Search, Browse, Surf: Pick Three and Add Something Extra

The Web provides three basic modes of navigation: search, browse, and surf. Few web sites, and still fewer doc sets do all three well.

The something extra? “Pick three and add something extra” comes from Peter Sheahan’s book Flip, in which he flips the traditional business motto “good, fast, cheap: pick two” into what he regards as the new price of admission for business: “good, fast, cheap: pick three and add something extra.”

With findability being the new price of admission of content, I’d suggest that search, browse, surf: pick three and add something extra is the new standard we have to meet. read more

The Vocabulary of Tasks

Task orientation is one of the most important principles of technical communication. But it is also a more difficult concept than it might at first seem. Part of the problem is the vocabulary of tasks.

When we urge writers to be task oriented, we usually contrast it to a different style, which we often call “feature oriented”, or “product oriented”. We say things like, “write about the task, not the product”, or “stop talking about the product and start working for the user”. All of this can make it sound like it is a bad thing to even mention the product and its features. read more

The Importance of Feedback to CMS Health

The transition from DTP to structured writing continues to be a bumpy one, and content management issues continue to plague many implementations. In many cases, the content management strategy depends on writers structuring things properly and they fall apart when writers fail to do so. For instance, reuse of chunks of information ought to make translation easier and less expensive, by reducing the amount of text to be translated. But often, chunking presents a problem for translators, as described here, because the chunks turn out not to be as context-independent as they were supposed to be. read more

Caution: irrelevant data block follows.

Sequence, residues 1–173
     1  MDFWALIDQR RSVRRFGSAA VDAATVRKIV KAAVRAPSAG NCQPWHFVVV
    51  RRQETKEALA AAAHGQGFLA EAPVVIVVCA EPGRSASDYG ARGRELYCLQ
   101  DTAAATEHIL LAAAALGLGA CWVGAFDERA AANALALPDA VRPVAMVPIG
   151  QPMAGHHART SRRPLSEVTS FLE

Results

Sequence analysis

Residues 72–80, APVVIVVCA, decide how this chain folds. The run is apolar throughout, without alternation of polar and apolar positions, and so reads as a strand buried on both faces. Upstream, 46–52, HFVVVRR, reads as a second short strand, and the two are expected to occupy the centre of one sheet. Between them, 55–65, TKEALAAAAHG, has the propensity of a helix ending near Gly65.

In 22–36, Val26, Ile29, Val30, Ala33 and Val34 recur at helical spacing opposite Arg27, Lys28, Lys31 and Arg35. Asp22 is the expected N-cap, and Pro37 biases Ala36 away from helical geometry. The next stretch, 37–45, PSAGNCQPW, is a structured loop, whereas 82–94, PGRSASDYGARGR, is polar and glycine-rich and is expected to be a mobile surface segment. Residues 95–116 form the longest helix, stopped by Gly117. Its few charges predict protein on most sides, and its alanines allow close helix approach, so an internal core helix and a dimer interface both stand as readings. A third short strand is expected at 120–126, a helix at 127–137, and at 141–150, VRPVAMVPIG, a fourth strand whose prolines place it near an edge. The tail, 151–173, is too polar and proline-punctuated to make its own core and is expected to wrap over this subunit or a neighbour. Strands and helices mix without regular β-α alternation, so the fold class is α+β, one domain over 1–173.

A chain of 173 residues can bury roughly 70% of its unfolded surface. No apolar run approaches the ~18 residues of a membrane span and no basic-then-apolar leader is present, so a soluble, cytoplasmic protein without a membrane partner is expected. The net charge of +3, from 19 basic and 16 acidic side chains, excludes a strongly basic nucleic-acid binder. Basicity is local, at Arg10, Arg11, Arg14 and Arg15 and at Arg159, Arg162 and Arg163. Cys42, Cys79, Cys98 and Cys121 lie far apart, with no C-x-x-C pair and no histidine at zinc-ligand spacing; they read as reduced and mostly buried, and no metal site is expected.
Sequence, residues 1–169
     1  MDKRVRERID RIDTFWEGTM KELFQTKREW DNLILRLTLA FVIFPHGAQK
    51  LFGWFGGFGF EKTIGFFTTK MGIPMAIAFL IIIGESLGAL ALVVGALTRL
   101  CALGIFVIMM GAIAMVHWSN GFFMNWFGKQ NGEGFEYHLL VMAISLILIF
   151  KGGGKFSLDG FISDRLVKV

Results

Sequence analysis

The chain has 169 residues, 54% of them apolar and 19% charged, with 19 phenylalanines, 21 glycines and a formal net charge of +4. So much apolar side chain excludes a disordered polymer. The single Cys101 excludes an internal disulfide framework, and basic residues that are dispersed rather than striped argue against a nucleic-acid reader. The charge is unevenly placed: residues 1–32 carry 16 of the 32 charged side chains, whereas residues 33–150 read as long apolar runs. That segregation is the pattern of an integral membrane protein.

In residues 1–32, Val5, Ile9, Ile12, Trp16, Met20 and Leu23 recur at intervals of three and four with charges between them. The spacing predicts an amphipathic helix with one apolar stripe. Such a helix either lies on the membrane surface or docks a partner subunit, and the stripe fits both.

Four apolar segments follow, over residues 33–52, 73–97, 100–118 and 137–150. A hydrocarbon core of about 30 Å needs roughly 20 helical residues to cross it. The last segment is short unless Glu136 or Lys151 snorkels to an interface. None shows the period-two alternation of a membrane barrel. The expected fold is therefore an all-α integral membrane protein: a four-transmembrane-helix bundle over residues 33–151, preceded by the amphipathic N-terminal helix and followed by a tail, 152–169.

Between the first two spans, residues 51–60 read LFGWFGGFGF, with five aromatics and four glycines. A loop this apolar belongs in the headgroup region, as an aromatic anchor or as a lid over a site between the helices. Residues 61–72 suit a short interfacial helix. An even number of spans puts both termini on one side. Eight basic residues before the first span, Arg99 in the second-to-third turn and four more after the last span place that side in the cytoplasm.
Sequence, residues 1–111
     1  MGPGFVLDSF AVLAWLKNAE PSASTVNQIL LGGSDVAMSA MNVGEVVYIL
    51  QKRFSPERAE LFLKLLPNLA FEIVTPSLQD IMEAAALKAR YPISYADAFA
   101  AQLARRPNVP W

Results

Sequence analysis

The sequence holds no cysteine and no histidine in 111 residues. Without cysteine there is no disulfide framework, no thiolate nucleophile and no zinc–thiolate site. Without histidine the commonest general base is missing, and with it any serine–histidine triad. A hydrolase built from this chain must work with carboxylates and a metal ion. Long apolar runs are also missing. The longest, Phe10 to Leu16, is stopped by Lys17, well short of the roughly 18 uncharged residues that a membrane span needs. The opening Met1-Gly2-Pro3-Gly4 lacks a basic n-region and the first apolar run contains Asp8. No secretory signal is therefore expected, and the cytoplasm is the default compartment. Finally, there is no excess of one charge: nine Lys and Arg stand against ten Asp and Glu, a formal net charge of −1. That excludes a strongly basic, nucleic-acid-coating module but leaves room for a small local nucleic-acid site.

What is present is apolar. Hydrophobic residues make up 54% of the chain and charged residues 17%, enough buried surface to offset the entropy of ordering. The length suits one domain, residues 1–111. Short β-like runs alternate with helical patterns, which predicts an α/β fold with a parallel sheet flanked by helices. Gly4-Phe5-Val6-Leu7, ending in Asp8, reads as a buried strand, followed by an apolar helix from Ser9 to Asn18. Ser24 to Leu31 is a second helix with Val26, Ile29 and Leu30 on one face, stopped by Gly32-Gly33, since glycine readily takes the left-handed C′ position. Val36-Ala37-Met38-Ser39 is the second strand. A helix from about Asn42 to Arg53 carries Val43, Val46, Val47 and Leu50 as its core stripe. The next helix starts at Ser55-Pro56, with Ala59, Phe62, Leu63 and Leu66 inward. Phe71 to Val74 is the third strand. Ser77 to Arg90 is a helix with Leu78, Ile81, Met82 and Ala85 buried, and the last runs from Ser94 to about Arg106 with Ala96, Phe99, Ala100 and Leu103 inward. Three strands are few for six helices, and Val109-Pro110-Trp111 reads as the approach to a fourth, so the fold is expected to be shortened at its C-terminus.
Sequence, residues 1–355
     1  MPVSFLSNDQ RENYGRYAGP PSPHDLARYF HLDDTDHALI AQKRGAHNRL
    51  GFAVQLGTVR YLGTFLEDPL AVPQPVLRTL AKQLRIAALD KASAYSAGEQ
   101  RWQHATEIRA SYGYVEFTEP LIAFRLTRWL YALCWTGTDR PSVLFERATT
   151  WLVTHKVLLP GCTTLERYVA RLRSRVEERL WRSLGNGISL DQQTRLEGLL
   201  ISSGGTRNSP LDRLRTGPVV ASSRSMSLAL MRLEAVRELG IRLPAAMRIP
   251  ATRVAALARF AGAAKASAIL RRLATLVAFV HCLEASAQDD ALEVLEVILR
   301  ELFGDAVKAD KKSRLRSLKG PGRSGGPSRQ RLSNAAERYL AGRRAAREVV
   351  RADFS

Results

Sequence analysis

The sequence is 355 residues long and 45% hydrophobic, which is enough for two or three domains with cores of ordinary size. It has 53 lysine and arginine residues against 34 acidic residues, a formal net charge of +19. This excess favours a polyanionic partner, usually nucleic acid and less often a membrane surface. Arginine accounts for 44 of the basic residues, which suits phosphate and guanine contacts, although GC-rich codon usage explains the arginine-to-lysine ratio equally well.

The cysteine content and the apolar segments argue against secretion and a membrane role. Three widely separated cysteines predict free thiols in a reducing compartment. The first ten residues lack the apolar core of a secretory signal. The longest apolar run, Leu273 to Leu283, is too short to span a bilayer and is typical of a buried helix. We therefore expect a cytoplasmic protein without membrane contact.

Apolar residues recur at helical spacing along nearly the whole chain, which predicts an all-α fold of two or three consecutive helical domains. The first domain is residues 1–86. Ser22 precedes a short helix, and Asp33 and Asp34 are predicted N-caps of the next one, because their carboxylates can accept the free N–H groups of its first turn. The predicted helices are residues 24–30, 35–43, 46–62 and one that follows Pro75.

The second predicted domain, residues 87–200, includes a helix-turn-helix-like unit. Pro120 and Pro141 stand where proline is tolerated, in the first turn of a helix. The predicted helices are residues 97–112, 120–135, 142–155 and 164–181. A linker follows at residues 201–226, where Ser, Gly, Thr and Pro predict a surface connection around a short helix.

Fine chunking and translation apparently don’t mix either

The one concession I have been willing to make to the fine chunking characteristic of many DITA implementations is that it was a boon to translation. Apparently not so, according to a recent blog post on Content Rules.

The problem is that fine chunking tends to obscure context, making the content impossible to translate reliably. And the real kicker in this problem is that even if the translator is given the means to see the content in the current context or contexts, the source may be reused in new contexts later without the translator being involved again or ever seeing the content in its new context. (This is where the savings are realized, after all.) read more

The Reader is the Enemy

Noz Urbina asks, Is Communication Mired in the Past? Well, yes, obviously. Most of the tech comms world is still making books in FrameMaker. But also no, because the problem is more profound than the words “mired in the past suggest”. People get mired in things through carelessness or misfortune. They want to get out, but they can’t. Technical communications isn’t mired in the past, it is entrenched there, gallantly, if with dwindling hope, guarding the battlements against the encroaching hoards of readers. read more

The petrified forest

A document may be flower, a rock, or a tree. That is, it may bloom for a day and be dead tomorrow, like a newspaper. It may last forever and never change, like Pride and Prejudice or King Lear. Or it may grow and change over the course of a long, if not endless, life like, say, the way a technical manual should, but usually doesn’t.

Crossing the chasm with documentation

I was reflecting today on whether companies are making the best strategic use of their documentation departments. Of course, we doc folk believe that no self respecting corporation should ever let any product go out the door without full, brilliant, richly illustrated documentation — preferable printed on acid free archival quality paper and bound in rich leather embossed with gold lettering. In fact, of course, that virtually never happens, and yet our companies still manage to eek out a return for their shareholders. read more